Case #245 – February, 2009
A 64-year-old man returned from a trip to Africa with fever and chills. He went to a local hospital for medical assistance. A blood specimen was collected and sent to Hematology for work-up, including Parasitology. Only a thick blood smear stained with Giemsa was available to be reviewed by the pathologist. Figures A–C represents what was observed in 300 fields at 1000x magnification. What is your diagnosis? Based on what criteria? What, if any, follow-up would you recommend?
This was a case of malaria caused by Plasmodium falciparum. Diagnostic features included:
- white blood cells with ingested pigment (Figure A).
- the presence of ring-form and developing trophozoites, including some with double chromatin dots.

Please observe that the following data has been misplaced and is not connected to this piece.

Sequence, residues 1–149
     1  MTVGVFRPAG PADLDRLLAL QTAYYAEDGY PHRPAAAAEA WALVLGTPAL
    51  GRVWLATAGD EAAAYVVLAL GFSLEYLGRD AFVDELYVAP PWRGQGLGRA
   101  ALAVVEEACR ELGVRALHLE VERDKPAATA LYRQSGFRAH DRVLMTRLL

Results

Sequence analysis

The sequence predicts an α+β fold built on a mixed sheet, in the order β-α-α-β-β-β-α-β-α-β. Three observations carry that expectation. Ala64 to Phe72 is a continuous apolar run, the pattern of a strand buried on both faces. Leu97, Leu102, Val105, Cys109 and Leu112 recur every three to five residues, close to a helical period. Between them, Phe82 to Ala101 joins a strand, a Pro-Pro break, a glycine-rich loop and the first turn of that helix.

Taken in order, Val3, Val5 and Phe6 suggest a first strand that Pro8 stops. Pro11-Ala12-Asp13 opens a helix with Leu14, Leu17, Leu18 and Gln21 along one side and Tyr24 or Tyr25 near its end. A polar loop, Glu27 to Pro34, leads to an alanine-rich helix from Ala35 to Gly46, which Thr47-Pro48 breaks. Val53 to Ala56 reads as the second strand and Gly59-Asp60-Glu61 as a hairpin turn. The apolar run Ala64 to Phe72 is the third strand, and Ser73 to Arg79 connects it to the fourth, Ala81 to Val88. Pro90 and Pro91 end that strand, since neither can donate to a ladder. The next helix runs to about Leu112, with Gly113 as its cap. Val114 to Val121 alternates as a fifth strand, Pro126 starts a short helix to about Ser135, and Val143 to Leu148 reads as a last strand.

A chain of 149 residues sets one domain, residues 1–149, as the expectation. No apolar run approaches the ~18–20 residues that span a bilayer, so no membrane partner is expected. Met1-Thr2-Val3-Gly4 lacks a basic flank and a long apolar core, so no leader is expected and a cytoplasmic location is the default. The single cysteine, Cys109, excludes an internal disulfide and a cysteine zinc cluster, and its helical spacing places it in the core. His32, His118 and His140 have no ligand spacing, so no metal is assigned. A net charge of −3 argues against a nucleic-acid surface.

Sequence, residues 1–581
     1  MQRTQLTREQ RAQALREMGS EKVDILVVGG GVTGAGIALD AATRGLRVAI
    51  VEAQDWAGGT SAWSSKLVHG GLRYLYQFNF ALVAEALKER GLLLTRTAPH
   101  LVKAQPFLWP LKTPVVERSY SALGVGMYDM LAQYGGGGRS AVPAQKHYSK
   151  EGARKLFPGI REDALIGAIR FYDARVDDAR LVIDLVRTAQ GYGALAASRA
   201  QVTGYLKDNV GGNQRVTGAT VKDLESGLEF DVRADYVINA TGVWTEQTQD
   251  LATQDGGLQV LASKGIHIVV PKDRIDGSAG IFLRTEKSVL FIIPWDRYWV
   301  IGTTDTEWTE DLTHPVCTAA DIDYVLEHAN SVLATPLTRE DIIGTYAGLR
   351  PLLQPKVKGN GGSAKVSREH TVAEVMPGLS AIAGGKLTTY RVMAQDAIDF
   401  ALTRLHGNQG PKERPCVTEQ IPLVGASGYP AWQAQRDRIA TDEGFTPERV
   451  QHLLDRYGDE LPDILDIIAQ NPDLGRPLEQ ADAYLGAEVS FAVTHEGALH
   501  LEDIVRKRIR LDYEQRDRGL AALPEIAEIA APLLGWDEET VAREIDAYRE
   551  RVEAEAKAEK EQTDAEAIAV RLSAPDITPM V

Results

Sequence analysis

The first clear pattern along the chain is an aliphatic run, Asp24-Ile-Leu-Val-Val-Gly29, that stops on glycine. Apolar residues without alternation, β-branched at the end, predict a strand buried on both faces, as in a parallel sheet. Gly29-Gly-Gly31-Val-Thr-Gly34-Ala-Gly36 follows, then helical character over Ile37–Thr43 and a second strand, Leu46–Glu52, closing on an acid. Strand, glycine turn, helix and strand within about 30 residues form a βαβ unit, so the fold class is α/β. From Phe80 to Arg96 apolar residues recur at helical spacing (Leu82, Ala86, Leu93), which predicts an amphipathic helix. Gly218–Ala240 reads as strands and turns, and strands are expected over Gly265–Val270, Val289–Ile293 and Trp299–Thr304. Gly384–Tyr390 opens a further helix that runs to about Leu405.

- an absence of gametocytes and/or schizonts.
Although a thick smear is more sensitive than a thin smear, in most cases a thick smear is not adequate to determine the species of Plasmodium present. In cases where the parasitemia is moderately high or greater, the lack of gametocytes and/or schizonts may be included in the algorithm for determining the species due to that ring-form and developing trophozoites are usually the only stages seen on stained blood films with P. falciparum.
Whenever determining the species of Plasmodium is not definitive by observation of morphological features, molecular techniques can be used to do so provided an appropriate blood specimen is available
More on: Malaria
Images presented in the DPDx case studies are from specimens submitted for diagnosis or archiving. On rare occasions, clinical histories given may be partly fictitious.
DPDx is an educational resource designed for health professionals and laboratory scientists. For an overview including prevention, control, and treatment visit www.cdc.gov/parasites/.